Coaching Relationship Skills

Establishing Strong Trust and a Positive Rapport

A positive coaching relationship needs the development of of strong trust and a positive rapport with others to creative an effective and fulfilling outcome of change. Here are some of the specific qualities that contribute to this:

 

Unconditional Acceptance

In coaching, it is essential for mentors to try to express unconditional acceptance towards their mentees so that the mentees believe their mentors are on their side. Although judgement, criticism and disappointment – both spoken and unspoken – do not motivate or support changes of habit, these are common habits we all carry. Learning to become self-aware of this tendency and different ways to react is a very useful coaching skill.

Similarly, it is not beneficial for the mentor to point out mentees’ shortcomings in order to teach them better ways.

Instead, mentors should celebrate mentees’ strengths and invite them to figure out better ways.

When a mentor expresses unconditional acceptance of the mentee – regardless of what he or she accomplishes, the relationship can promote self-confidence and self-esteem.

Self-Inquiry Questions

What habits do you have that may get in the way of expressing unconditional acceptance?

What would trigger you to struggle with unconditional acceptance?

What are some simple ways you can you show unconditional acceptance of your mentee?

What are some of the strengths you could celebrate in your mentee?

Can you make a list of strengths to share in some way, for the next time you meet?

 

Showing Empathy

In coaching, it is important to express a respectful understanding of another person’s experience, including his or her feelings, needs and desires. Empathy acknowledges the mentee’s right to feel and experience the situation however he or she experiences it, without eliciting pity, sadness or disappointment from the mentor.

When mentees are struggling, it’s especially important to connect with their feelings, needs and desires in a positive, supportive and non-judgemental way. Empathy helps to build relationships, trust and rapport, and encourages growth.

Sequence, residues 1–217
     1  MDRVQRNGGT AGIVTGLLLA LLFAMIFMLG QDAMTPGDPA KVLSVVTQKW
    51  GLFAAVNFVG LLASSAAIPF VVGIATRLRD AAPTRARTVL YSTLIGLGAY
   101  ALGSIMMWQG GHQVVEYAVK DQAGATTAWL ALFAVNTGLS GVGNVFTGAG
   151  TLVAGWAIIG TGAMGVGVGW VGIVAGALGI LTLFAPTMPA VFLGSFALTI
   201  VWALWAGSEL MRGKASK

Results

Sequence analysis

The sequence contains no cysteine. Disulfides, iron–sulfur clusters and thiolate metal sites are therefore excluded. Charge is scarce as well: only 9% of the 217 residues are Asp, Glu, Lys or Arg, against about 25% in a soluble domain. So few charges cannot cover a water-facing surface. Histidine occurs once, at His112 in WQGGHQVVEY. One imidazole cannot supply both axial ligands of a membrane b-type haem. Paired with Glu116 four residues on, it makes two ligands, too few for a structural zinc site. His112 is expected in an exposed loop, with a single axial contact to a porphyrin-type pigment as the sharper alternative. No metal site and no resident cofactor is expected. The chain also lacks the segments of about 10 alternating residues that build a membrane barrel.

Self-Inquiry Questions

How do you respond when others are struggling with emotions?

What are the words you could say to support the mentee in expressing her feelings without minimising, saving or amplifying her experience.

 

Keeping Promises

In coaching, its’s important to deliver on any promises made.

Self-Inquiry Questions

Do you ever make (even small) promises to the mentee that you do not follow through on?

What is a way to ensure you remember any promises you may make during a session?

 

Finding Solutions

Coaching is about fostering growth and not forcing it. From a coaching perspective, telling mentees what to do can interfere with a trusting relationship. It can also create resistance and hold back a mentee’s ability to change. Instead, the mentor should offer options to consider as if from the passenger seat, rather than grabbing the steering wheel and deciding where a mentee should go next. Allowing the mentee to make choices supports his or her autonomy to create goals, figure out strategies or develop methods for change.

Self-Inquiry Questions

How often do you offer others solutions when they present with a problem?

What would help you to think differently about the value of offering solutions?

What does it feel like for yourself when you make a choice about your future, instead of someone else?

 

Confidentiality

The coaching relationship is built on a foundation of confidentiality. It is important for the mentor to create a safe place by establishing a policy of confidentiality from the beginning.

Self-Inquiry Questions

How would you like others to treat your confidential information?

 

Mindfulness

Mindfulness is a non-judgemental awareness of what is happening in the present moment. Everyone has the ability to be mindful, although it takes practice to sharpen this ability.

By paying attention to our thoughts, feelings, behaviours and environments without judgement, we wake up to the experience of what’s going on around us and within us while it’s actually happening. This frees us to make informed decisions about where to go next.